PRESENTATION: Climate change and infectious diseases: predictive modelling

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Presented by Aronrag Meeyai and Kraichat Tantrakarnapa of Mahidol University last 28 October 2015 in Bogor, Indonesia

Transcript of PRESENTATION: Climate change and infectious diseases: predictive modelling

  • Aronrag Meeyai, Mahidol University, Thailand: aronrag.coo@mahidol.ac.th

    Kraichat Tantrakarnapa, Mahidol University: kraichat.tan@mahidol.ac.th

    Climate change and infectious diseases: predictive modelling

  • EMISSIONS & Land-use Change

    IMPACTS

    Source: The Fifth Assessment Report. Intergovernmental Panel on Climate Change (IPCC).

    Impacts assessment

    Aronrag Meeyai, Mahidol University, Thailand: aronrag.coo@mahidol.ac.th

    Kraichat Tantrakarnapa, Mahidol University: kraichat.tan@mahidol.ac.th

  • EMISSIONS & Land-use Change

    IMPACTS

    Source: The Fifth Assessment Report. Intergovernmental Panel on Climate Change (IPCC).

    Impacts assessment

  • EMISSIONS & Land-use Change

    IMPACTS

    Source: ECLAC, UN 2011. An assessment of the economic impact of climate change on the health sector in Saint Lucia.

    Impacts assessment

  • Dengue as a case study

    Climate change and infectious diseases: predictive modelling

  • Source: Cory W. Morin, Andrew C. Comrie, and Kacey Ernst. Environmental Health Perspectives, 2013.

    Interaction between environment, vectors, and DENV

  • Source: Cory W. Morin, Andrew C. Comrie, and Kacey Ernst. Environmental Health Perspectives, 2013.

    Interaction between environment, vectors, and DENV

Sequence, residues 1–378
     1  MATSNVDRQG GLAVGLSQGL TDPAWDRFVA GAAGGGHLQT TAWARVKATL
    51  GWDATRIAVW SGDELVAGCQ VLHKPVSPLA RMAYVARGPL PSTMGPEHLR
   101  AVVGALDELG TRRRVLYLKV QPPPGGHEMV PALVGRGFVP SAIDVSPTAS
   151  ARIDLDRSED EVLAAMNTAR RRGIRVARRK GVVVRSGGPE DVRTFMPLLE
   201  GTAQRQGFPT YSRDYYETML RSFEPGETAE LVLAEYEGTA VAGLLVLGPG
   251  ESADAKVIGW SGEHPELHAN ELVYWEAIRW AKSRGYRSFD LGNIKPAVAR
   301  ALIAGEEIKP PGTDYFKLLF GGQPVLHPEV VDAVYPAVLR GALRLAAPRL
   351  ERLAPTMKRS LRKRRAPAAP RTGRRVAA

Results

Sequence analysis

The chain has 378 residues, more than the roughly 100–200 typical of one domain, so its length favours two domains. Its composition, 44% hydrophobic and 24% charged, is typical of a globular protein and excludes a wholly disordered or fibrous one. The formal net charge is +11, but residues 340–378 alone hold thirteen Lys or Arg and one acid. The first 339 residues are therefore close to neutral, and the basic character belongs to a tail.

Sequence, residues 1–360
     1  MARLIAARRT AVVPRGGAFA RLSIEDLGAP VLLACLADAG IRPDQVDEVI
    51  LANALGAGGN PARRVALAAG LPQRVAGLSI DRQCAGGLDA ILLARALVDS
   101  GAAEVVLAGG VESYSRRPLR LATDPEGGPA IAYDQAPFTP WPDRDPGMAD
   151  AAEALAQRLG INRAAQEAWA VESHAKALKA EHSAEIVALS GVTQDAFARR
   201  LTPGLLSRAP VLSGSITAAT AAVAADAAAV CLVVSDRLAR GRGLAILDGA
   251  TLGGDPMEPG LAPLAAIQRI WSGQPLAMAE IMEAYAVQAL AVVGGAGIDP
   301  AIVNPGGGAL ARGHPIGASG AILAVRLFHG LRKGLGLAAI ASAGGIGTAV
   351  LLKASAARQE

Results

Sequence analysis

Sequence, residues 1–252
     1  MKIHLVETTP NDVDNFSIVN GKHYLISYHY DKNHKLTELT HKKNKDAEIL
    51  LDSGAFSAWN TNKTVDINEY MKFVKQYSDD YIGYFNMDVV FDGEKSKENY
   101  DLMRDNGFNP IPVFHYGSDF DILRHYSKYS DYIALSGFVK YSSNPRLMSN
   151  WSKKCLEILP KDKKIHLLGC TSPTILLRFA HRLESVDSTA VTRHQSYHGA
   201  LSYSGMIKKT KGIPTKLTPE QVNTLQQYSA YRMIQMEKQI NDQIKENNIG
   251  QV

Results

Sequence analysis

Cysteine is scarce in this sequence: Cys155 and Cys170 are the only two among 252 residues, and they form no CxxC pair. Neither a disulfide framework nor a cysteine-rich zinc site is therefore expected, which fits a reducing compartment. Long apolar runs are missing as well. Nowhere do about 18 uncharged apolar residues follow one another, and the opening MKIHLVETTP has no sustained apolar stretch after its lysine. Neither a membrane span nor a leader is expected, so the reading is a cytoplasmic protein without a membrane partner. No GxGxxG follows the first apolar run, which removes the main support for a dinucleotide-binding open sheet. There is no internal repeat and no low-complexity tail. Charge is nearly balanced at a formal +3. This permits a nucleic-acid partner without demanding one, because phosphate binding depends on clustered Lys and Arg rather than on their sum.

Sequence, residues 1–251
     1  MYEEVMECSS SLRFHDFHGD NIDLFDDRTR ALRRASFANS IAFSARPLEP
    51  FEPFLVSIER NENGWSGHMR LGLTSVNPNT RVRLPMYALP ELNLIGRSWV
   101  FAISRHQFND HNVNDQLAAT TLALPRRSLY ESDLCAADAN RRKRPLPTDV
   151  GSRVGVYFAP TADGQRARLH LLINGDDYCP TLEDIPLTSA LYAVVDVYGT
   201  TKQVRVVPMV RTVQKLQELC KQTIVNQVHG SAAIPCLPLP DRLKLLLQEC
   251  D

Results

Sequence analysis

• Dengue distribution models and projections

  • The main types of models used to forecast future climatic influences on infectious diseases (each type of model addresses somewhat different questions) include:

    - Statistical models, and landscape-based models - Process-based models (mechanistic models)

    Types of models:

  • The derivation of a statistical relationship between the distribution of the disease and the climatic conditions. This describes the climatic influence on the actual distribution of the disease, given current levels of human intervention (disease control, environmental management, etc.). Then applying this statistical equation to future climate scenarios, the actual distribution of the disease in future is estimated. The effects of both climatic and other environmental factors (e.g. different vegetation types: landscape-based models) can be included in the models.

    Statistical models & landscape-based models:

  • Linear regression models Colon-Gonzalez et al. used multiple linear regression models to examine the associations between changes in the climate variability and dengue incidence in the warm and humid regions of Mexico for the years 19852007.

    Time series/wavelet time series models Gharbi et al. fitted a SARIMA model of dengue incidence and climate variables including temperature, rainfall and relative humidity in French West Indies for the period 20002006.